IF ACTION is being taken to try to stamp out slow play at professional level, then how on earth is it possible that it appears it is becoming a bigger problem than ever?
In recent weeks, we have had Kevin Na and now Andrew Loupe in the slow-play spotlight on the PGA Tour and it is scandalous that neither has been hammered by officials.
We have all known about Na for a few years now, but Loupe is new on the scene and, boy, was it painful watching him during the final round of the Valero Texas Open.
He has to be the world record holder when it comes to practice swings, though his action in making those looked more like he was preparing to chop down trees than hitting a little white ball.
During a discussion last week about a whole host of golfing matters – though one, obviously, grabbed all the attention – I sensed that Peter Dawson, the R&A secretary, felt golf’s main problem with slow play was at grass-roots level.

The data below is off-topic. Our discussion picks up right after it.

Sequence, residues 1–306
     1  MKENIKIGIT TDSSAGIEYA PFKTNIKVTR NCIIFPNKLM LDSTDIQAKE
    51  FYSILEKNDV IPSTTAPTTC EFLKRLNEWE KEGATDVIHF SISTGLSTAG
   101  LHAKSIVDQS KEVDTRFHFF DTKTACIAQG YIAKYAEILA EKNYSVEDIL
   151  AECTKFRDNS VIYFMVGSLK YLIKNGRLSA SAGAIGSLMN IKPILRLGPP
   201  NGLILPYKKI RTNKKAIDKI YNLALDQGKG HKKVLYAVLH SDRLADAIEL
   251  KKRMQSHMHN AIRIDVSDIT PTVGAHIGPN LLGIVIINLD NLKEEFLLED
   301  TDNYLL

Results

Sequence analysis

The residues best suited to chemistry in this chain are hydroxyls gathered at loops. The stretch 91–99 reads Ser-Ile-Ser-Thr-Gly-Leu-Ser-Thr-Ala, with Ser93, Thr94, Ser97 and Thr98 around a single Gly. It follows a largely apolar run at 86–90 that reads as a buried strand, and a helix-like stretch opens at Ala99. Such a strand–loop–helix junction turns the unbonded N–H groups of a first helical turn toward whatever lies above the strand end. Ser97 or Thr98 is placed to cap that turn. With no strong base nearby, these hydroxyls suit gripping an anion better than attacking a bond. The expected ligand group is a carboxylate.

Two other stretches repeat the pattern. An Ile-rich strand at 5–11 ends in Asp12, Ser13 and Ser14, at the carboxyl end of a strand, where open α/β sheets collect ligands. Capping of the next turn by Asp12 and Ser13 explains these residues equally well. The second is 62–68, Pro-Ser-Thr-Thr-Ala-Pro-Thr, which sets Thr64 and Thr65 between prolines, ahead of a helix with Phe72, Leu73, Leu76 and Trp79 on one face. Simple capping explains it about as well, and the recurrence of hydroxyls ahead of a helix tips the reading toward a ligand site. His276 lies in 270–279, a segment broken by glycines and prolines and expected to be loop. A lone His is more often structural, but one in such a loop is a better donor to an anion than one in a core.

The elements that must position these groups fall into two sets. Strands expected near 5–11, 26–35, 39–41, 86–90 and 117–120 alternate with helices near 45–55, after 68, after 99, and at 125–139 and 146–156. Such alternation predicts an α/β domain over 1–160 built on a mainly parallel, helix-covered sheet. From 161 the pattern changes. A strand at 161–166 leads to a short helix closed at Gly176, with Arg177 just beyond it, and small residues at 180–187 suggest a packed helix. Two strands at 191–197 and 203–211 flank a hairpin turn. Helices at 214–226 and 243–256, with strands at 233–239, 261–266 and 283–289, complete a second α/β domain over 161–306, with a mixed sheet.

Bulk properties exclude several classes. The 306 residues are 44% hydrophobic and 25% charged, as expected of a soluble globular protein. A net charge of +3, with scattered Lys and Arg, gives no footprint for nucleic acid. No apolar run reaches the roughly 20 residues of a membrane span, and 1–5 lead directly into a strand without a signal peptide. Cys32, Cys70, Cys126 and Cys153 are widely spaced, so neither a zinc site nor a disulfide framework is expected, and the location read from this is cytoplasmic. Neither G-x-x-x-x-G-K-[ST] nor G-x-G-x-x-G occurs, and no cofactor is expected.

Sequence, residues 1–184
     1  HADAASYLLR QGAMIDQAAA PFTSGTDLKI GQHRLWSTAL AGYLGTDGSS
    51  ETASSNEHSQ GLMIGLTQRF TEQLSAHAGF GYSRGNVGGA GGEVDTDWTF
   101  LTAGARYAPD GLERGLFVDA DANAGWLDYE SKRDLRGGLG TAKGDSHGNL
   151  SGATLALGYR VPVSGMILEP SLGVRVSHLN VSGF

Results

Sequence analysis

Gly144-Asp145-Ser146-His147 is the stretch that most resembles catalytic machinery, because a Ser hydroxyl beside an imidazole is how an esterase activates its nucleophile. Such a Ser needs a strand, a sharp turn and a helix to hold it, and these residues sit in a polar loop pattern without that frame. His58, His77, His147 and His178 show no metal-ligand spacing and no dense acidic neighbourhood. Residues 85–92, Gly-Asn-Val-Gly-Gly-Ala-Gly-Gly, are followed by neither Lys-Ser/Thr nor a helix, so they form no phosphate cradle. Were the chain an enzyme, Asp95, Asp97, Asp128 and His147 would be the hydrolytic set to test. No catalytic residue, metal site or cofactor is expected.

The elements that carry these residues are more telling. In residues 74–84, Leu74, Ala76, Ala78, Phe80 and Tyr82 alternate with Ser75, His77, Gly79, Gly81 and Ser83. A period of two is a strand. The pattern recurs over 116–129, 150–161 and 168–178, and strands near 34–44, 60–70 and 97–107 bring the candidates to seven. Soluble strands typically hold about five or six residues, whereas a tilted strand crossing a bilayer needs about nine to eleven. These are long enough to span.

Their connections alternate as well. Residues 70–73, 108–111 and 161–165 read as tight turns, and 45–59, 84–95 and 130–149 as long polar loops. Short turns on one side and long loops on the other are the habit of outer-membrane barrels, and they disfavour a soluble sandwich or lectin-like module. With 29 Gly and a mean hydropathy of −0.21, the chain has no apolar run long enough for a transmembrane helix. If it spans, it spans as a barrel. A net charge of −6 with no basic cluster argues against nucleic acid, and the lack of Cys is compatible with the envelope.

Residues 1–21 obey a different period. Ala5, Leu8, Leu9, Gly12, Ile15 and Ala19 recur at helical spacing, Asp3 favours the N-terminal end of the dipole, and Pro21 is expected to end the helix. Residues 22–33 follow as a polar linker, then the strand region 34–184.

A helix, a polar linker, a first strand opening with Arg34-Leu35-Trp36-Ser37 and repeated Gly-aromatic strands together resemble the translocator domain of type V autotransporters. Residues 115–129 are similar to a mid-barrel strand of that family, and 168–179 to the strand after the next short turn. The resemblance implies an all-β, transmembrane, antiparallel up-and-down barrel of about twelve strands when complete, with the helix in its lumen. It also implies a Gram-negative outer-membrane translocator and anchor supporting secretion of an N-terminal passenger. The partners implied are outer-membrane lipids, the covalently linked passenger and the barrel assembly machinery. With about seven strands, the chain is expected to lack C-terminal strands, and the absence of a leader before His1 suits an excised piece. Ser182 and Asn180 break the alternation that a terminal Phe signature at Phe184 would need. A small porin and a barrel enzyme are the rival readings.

On the one hand, I can see where he is coming from and there is an onus on golf clubs to ensure that members and visitors adhere to times that really need to be monitored more. What chance does the game have, though, if players like Na and Troupe make it as exciting as watching paint dry and, in the process, those club golfers think slow play is acceptable due to those individuals not being properly punished (and I excuse the R&A from this as it has implemented a stricter policy in recent years)?